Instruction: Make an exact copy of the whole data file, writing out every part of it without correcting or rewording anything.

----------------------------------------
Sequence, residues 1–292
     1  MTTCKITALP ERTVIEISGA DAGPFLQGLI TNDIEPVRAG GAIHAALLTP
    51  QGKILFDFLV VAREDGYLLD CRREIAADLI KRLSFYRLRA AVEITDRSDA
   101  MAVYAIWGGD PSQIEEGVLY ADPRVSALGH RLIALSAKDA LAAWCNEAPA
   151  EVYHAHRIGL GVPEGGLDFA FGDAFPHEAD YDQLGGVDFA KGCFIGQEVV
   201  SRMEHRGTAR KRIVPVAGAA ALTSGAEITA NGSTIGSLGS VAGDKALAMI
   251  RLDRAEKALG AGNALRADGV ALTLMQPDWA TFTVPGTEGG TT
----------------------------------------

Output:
Sequence, residues 1–292
     1  MTTCKITALP ERTVIEISGA DAGPFLQGLI TNDIEPVRAG GAIHAALLTP
    51  QGKILFDFLV VAREDGYLLD CRREIAADLI KRLSFYRLRA AVEITDRSDA
   101  MAVYAIWGGD PSQIEEGVLY ADPRVSALGH RLIALSAKDA LAAWCNEAPA
   151  EVYHAHRIGL GVPEGGLDFA FGDAFPHEAD YDQLGGVDFA KGCFIGQEVV
   201  SRMEHRGTAR KRIVPVAGAA ALTSGAEITA NGSTIGSLGS VAGDKALAMI
   251  RLDRAEKALG AGNALRADGV ALTLMQPDWA TFTVPGTEGG TT